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A default judgment is an unfortunately common term for many debtors whether in the consumer or business landscape. In our practice, default judgments are obtained all too often and can be extremely dangerous given the serious repercussions that they entail. A default judgment simply means that a plaintiff wins a civil case without the defendant appearing or answering within the allowed upon period. A default is obtained for a few reasons usually. The most common reason is due to poor or improper service. The service industry has been notoriously bad for years which is why the term “sewer service” is an all too familiar saying. Process servers retained by the plaintiff, or the collection law firm frequently serve a wrong address or may even falsely state how they conducted service on the affidavit of service in regard to who they supposedly served. The defendant never receives the lawsuit in turn and ultimately loses the case on default causing a judgment to be entered. People also frequently move, especially in a large city like New York. This means that an old address can easily be served, and the defendant will never know about it until a default judgment is obtained and they are notified because of a bank levy or wage garnishment. Finally, there are instances when people do receive a summons and complaint but have no idea what it is or believe it is a scam. This can lead to a judgment as well because of the lack of a response but can be a legitimate reason to ask for the judgment to be vacated.

Default judgments are entered by creditors all across the spectrum. We see debt-buyers like Midland Funding and LVNV Funding entering defaults against consumers as well as original creditors like Bank of America and American Express. One concerning trend that we have observed is the high rate of default judgments obtained in Merchant Cash Advance matters. These are business debt matters in which most of the creditors have had the defendant waive regular service and instead allow service via mail or even e-mail, which is an easier service standard. Yet, these Merchant Cash Advance creditors consistently seem to fail at even these types of simpler service, mailing or emailing to incorrect addresses in our experience.

There are two options to vacate default judgments under the NYCPLR. The first is under CPLR 5015 in which a reasonable excuse and meritorious defense must be shown. A judgment can also be vacated if it is shown clearly that an improper address was served or there is no address to be served, making service and jurisdiction void. Either way, the motion must be made within one year of learning about the default judgment. Alternatively, under CPLR 317 a judgment can be vacated without having to show a reasonable excuse but only a meritorious defense instead if the defendant was not personally served. However, the motion must be made within one year after notice of the judgment and within a maximum of five years of the entry of the judgment. Although CPLR 317 is a fantastic rule for vacating Merchant Cash Advance default judgments due to the fact that they rarely ever try to personally serve businesses, the five-year cap prevents people and businesses with older judgments from using it. The meritorious defense needs only to be asserted and not proven although it does need to be legitimate. This is important so as not to become involved in a full hearing about meritorious defenses which should be done in litigation once the matter is re-opened.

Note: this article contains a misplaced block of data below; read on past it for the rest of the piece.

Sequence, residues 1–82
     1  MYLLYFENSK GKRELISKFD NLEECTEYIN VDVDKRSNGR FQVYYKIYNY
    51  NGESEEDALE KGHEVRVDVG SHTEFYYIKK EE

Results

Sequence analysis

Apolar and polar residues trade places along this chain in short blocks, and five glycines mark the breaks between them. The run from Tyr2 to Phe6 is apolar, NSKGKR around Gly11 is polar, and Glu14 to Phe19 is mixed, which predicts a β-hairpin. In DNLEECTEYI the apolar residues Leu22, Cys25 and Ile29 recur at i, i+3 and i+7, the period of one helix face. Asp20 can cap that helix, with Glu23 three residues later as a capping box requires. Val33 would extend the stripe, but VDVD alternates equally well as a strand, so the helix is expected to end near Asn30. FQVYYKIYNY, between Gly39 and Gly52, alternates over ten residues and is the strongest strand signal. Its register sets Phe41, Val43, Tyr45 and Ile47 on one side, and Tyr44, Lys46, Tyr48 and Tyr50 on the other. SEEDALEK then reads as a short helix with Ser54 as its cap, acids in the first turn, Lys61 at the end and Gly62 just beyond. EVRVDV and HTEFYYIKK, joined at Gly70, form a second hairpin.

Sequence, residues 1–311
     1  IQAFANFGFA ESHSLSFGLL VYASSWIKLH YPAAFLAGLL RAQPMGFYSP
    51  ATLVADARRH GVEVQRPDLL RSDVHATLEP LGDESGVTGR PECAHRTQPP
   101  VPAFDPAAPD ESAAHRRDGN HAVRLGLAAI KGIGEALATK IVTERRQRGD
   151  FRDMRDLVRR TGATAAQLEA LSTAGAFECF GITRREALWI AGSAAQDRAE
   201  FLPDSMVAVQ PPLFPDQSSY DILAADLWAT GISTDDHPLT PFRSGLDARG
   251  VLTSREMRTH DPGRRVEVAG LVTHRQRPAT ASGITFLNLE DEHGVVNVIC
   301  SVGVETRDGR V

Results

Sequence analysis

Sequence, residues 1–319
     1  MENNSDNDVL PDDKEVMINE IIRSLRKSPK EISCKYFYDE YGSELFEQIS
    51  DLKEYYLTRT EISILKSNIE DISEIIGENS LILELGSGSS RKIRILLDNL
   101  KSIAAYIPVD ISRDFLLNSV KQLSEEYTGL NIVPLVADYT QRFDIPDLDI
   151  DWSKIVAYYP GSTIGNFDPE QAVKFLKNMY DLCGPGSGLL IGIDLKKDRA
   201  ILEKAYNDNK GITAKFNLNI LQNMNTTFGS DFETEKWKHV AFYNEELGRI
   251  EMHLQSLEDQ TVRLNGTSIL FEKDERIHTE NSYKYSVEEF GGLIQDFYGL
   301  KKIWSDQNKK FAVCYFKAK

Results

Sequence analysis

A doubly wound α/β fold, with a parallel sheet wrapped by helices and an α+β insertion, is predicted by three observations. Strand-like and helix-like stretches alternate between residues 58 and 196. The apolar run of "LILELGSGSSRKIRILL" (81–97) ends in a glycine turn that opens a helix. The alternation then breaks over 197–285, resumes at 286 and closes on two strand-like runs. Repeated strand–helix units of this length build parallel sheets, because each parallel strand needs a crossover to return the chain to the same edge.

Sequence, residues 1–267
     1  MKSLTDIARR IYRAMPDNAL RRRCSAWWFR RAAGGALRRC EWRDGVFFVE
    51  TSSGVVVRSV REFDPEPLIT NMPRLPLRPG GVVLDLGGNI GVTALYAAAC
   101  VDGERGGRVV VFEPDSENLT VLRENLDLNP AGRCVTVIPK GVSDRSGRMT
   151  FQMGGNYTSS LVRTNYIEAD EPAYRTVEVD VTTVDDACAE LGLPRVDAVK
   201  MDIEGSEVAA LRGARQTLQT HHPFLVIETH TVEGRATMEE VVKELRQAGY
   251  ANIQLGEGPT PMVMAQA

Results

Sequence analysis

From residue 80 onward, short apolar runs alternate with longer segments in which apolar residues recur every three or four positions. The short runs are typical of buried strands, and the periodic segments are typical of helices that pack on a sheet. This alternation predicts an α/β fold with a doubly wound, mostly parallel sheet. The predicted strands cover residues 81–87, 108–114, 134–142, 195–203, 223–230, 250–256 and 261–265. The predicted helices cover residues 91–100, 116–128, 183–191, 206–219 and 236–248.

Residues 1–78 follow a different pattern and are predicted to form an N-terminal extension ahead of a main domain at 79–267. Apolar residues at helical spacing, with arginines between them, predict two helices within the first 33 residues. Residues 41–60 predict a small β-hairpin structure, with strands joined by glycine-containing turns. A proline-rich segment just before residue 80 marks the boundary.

Vacating a default judgment is important because it re-opens the case and allows the defendant to defend themselves on the merits instead of losing on default. It is also important because it removes any bank levies, liens or garnishments that are in place or that could be brought. Finally, it stops judgment interest from accruing and brings the leverage back on to the side of the consumer or defendant and places the burden to prove the case back on to the plaintiff.

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